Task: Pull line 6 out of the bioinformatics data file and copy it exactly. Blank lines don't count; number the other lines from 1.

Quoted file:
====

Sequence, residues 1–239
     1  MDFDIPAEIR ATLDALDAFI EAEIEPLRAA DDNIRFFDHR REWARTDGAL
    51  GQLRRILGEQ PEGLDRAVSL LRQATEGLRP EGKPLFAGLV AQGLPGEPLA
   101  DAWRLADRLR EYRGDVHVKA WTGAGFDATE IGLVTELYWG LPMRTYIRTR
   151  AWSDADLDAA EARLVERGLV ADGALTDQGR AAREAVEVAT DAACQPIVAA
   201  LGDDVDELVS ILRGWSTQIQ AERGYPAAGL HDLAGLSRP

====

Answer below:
   201  LGDDVDELVS ILRGWSTQIQ AERGYPAAGL HDLAGLSRP